Category: Dark Neighborhood (page 2 of 3)

Doctor Strange. A wild trip.

Yeah– remembering the days of black lights, Pink Floyd and the guys on the track team in the basement of an apartment building, smoking oregano. Cause, you know, a nickel bag in the Bronx, who knew what you were getting? Seriously. I assume there are no “nickel” bags any more? We also used to go to Woodlawn Cemetery and do keggers. Did you know that’s where the money drop for the Lindbergh baby was set? I digress, as I am wont to do.

Anyway. We watched Doctor Strange last night and it was pretty crazy. Definitely whoever did the effects in Inception had a lot of fun with CGI.

But that’s not what I liked about it. First, there was some good humor. The movie, and the characters, didn’t take themselves too seriously. Even the bad guy. I liked Benedict Cumberbatch. And seriously, that can’t be a screen name. Has to be his real name. He found that hard balance between being serious and not overdoing it.

Tilda Swinton? Seriously? That was an odd casting choice, but it worked. My favorite with her, though, was Michael Clayton which ranks up there as one of my favorite all time George Clooney movies. The bad guy, Mads Mikkelsen– is that a screen name, pretty cool– did a great job; oh yea, Hannibal on TV– knew I’d seen him. I was a bit disappointed in Chiwetel Ejiofor, but he worked with the part he was given– for me, he made Serenity work a long time ago as the bad guy.

More importantly, the core message of Doctor Strange was solid: “It’s not about you.” In this day and age, that something that we seem to have lost a lot. I know I have to be reminded almost every day by my wife. One of the by-products of my brain disorder is it comes off as narcissism at times– even was diagnosed by one shrink as “brittle narcissist” but that didn’t quite fit. So I have to ground myself in the real world and remember that it’s not about me. Maybe I need a magic cloak?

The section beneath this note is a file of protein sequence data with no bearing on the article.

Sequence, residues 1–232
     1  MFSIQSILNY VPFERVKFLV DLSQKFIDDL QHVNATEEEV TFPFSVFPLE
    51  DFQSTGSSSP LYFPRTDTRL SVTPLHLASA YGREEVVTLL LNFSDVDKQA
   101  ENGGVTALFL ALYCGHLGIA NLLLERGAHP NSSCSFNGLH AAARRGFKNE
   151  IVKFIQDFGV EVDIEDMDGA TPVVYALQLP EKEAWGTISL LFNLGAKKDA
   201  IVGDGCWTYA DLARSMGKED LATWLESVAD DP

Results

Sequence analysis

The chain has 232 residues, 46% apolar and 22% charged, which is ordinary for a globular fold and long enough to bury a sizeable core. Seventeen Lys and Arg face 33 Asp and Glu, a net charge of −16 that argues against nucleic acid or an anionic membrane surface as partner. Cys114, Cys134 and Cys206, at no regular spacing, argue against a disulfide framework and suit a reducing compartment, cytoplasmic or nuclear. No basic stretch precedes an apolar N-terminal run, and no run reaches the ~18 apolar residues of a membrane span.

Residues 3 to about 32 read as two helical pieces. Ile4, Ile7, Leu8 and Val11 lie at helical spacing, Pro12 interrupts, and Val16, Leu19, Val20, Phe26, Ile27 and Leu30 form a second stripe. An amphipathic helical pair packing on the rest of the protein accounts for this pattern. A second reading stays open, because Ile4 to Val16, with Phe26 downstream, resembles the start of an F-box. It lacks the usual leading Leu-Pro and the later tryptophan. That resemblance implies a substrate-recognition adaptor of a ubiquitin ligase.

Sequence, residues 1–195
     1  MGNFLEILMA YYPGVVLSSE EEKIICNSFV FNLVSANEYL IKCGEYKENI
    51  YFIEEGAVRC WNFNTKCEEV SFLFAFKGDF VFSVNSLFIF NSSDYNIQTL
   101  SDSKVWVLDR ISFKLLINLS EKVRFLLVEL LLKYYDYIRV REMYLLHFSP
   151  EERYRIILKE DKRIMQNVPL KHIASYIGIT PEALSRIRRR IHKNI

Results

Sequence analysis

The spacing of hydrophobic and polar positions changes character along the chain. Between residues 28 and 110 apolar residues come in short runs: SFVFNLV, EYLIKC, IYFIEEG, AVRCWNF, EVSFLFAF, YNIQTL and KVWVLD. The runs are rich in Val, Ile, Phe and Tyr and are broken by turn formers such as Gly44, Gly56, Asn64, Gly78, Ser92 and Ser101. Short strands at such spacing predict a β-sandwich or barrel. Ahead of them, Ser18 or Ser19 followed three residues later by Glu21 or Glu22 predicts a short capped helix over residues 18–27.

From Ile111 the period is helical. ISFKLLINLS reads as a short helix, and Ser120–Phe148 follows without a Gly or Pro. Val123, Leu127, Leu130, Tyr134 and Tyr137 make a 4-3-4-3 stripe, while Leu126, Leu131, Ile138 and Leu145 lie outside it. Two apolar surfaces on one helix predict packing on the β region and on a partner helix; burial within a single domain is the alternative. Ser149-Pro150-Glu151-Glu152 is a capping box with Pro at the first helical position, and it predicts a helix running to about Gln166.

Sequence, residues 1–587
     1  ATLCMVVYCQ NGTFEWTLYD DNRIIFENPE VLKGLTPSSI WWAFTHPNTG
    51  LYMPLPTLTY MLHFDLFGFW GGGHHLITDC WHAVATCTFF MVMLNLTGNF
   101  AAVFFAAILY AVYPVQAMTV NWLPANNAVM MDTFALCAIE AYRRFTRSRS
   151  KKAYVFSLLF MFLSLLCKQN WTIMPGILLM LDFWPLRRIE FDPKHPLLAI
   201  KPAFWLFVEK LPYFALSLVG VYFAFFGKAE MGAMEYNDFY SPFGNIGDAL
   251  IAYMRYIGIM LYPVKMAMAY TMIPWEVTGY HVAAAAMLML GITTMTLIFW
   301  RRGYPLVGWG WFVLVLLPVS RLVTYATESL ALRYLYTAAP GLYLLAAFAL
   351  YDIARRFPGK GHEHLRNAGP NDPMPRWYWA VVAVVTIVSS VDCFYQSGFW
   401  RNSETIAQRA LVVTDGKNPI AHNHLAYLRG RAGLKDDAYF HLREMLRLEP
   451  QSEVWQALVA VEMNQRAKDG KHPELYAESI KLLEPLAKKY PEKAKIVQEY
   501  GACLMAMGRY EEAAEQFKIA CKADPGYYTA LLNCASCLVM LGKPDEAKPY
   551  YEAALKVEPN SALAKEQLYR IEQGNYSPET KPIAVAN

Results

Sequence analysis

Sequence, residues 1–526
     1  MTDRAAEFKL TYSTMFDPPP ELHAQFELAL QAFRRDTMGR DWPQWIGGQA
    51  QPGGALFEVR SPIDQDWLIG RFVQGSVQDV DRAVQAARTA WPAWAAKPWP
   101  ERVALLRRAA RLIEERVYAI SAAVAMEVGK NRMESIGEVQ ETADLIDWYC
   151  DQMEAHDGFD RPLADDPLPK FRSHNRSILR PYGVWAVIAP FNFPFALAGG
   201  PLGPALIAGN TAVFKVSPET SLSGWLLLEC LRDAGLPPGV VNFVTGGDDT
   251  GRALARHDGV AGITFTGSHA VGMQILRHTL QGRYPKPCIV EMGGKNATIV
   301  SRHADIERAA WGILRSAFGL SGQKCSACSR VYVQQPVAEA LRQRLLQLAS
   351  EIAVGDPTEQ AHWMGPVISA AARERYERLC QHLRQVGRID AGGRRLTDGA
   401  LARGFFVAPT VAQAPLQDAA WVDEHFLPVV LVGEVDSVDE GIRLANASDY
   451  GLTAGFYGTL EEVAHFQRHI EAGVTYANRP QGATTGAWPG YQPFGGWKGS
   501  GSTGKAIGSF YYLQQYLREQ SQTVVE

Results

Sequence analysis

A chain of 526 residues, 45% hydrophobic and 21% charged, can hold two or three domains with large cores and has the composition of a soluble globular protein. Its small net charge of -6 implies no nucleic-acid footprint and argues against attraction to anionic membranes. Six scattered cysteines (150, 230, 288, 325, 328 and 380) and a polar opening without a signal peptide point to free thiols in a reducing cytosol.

The way Strange solved the problem at the end was perfect for not only the plot, for who he was. I was wondering, as a writer, how they would “show” him changing. Since that’s a key rule in character arc. Loved what the writers came up with.

Overall— Cool Gus recommends it!



BTW– if you’re a writer and interested in what I mean by character arc, I’ve updated all my free writing writing slideshares recently and here’s the one on character. Also, we will have dates for Writing Scenic, our new writing workshop at our new place, up shortly.


Dark Neighborhood: Watching Your Life Play Out On Screen While Sitting in the Audience?

Ever feel like that? As if you’re just an observer in your own life? As if you’re not really engaged in the actual living?

I was outside power-washing the driveway today (I’m a lousy power-washer; lots of streaks etc. but hey, most of the dirt is gone) but my mind was all over the place and all over time—forward and back.

There are variations. Being the person on screen, but feeling like your real self is out there in the audience. Of course, there’s being both people at the same time, but let’s not go there now.

Some of it has to do with being able to be in the here and now. I have a hard time with that. My brain seems to jump around a lot. I remember being a kid in the Bronx and I used to just get on my Stingray bike with the purple banana seat and just go out riding around. Nowadays I imagine that would be frowned upon, but times were different then.

I’d bike all over the Bronx. But my mind would travel much further afield in space and time. I also spent a lot of time in the library. So much so that I felt like I’d exhausted the closest one and had to go further afield to another branch. Books were my world. BTW, there I am next to one of the two lions in front of the main branch of the NYPL in Manhattan. Did you know they have names? Patience and Fortitude. That one is Fortitude, when I probably could use more Patience.